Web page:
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Propagation of Lipid-Anchored Prion Aggregates


Transmissible spongiform encephalopathies (TSEs), also known as prion diseases, are a group of neurodegenerative diseases affecting a wide variety of mammals including sheep and goats (scrapie), cervid spp. (chronic wasting disease), and humans (Creutzfeldt-Jakob disease). A central event in TSE disease involves the conversion of the normal host cellular prion protein (PrPC) to a partially protease-resistant, aggregated, disease-associated isoform (PrPSc). TSE-induced pathology is usually associated with PrP-res deposition, but the mechanism of neurodegeneration is not understood. Like prion diseases, other neurodegenerative diseases involve the deposition of pathological protein aggregates including Alzheimers and Parkinsons disease. <p>Collectively, these diseases are termed protein misfolding diseases because they are associated with the accumulation of misfolded host proteins. Critical processes for transmission of prions between and within hosts include neuroinvasion and intercellular spread of PrPSc. The membrane association of PrP via a glycosylphosphatidylinositol (GPI)-anchor may have an important role in modulating these processes. <p>Our work in this project is focused on elucidating the role of GPI and other forms of membrane anchoring in modulating the aggregation and intercellular spread of aggregation-prone proteins.In 2012, we have continued experiments to investigate how membrane anchoring can allow the propagation of protein aggregates as prions. We have thus far identified at least one new form of membrane anchoring that supports prion propagation.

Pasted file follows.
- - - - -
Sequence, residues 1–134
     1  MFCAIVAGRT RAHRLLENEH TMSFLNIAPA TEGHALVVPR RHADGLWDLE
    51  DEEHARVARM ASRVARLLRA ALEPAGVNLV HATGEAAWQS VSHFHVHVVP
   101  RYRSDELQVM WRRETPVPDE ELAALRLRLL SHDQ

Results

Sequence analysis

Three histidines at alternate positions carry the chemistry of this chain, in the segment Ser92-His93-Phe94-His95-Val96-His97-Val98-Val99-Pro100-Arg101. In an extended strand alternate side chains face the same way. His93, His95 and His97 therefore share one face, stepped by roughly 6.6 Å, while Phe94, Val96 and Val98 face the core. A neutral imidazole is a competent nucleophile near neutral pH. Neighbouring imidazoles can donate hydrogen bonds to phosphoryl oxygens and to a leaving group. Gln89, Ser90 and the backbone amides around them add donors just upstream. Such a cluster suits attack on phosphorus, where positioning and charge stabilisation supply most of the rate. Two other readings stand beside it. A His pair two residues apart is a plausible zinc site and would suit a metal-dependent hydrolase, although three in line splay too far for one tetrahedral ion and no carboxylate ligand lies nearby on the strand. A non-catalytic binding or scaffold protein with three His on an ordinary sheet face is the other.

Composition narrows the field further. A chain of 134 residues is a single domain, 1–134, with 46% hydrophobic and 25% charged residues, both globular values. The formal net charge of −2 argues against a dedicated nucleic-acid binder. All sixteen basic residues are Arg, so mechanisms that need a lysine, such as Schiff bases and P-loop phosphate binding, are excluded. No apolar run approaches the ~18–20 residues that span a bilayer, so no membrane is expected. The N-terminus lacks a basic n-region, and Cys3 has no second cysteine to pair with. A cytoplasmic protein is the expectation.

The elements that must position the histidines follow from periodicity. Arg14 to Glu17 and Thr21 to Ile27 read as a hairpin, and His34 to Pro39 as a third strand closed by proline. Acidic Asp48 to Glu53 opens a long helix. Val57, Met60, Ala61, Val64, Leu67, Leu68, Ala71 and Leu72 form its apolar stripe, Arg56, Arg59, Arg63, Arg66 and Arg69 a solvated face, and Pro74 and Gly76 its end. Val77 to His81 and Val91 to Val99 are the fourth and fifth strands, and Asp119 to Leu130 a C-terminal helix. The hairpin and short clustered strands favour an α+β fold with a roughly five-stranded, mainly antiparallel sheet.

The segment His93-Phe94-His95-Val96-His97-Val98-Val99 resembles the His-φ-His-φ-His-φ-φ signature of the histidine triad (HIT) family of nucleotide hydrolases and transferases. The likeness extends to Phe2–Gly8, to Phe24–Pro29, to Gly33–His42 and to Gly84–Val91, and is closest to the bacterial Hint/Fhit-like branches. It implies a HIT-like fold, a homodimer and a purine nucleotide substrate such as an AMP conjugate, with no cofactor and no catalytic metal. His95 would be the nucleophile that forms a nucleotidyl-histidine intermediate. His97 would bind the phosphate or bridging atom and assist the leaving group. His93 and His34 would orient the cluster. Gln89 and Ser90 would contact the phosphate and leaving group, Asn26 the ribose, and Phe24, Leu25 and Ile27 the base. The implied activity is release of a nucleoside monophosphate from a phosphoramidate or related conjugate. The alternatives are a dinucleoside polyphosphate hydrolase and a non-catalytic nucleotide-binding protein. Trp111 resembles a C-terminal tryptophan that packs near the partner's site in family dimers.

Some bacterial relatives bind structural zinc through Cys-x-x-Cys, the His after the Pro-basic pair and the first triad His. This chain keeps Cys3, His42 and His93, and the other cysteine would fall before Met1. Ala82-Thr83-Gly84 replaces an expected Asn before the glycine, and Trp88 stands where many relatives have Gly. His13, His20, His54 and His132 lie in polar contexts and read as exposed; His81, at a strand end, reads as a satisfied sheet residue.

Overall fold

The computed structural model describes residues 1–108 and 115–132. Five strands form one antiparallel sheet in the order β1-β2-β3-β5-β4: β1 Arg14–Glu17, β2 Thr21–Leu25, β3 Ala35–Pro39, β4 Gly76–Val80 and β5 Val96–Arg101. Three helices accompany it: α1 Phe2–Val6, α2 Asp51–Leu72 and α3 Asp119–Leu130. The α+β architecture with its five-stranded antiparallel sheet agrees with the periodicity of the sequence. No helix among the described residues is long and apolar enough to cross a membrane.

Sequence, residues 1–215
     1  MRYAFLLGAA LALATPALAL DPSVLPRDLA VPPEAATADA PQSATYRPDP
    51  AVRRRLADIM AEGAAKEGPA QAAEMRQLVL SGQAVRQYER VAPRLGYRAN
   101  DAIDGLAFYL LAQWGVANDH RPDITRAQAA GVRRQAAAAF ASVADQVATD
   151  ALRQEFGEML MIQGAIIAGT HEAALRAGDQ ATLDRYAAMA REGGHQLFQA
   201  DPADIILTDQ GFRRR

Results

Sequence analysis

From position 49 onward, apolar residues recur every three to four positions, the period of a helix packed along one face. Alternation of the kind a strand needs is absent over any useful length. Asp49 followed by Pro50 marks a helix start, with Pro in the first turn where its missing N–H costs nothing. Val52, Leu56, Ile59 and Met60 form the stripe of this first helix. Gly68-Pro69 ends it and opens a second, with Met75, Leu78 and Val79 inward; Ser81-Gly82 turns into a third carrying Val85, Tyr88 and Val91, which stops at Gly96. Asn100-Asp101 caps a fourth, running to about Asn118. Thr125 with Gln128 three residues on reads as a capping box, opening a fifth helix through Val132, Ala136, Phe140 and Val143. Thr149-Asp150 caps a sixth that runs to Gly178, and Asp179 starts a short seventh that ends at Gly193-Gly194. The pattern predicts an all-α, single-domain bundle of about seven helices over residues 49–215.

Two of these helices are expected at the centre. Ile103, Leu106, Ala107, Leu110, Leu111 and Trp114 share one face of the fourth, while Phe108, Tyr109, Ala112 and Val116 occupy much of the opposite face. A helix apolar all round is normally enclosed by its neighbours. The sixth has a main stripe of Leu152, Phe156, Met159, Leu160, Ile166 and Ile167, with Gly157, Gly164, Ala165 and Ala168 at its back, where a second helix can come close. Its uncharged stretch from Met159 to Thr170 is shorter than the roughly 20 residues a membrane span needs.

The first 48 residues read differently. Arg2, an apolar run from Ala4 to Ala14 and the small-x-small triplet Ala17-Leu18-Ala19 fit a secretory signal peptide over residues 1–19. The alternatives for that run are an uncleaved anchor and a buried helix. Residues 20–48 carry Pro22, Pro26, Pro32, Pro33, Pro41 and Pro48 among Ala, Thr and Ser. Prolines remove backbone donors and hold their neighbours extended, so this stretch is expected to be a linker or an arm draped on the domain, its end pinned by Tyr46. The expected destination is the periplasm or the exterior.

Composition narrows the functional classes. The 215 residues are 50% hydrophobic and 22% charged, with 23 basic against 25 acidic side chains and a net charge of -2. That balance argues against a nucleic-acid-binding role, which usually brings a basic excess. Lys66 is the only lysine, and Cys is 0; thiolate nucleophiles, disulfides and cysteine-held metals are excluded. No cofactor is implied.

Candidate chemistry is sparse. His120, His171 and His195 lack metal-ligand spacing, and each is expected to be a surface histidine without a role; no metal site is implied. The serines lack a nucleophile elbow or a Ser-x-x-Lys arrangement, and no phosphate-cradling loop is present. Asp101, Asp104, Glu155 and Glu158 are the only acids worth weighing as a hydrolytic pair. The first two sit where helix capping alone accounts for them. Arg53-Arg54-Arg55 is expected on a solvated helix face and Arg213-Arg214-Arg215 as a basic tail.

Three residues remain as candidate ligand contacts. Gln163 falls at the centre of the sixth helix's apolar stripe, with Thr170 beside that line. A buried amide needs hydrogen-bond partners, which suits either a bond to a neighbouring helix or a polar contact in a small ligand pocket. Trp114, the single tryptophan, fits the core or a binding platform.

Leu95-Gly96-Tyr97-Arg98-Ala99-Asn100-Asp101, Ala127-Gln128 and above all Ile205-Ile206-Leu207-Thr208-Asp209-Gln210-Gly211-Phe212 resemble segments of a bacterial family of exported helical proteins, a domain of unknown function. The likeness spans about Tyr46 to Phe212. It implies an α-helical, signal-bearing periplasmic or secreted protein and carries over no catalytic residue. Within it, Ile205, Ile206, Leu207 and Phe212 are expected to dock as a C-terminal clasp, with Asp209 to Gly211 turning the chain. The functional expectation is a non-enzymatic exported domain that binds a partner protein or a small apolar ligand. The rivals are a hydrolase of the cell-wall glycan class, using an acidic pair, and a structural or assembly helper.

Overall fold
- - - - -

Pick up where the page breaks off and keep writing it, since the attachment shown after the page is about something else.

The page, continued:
Baron, Gerald
DHHS/NIH - National Institute of Allergy and Infectious Diseases
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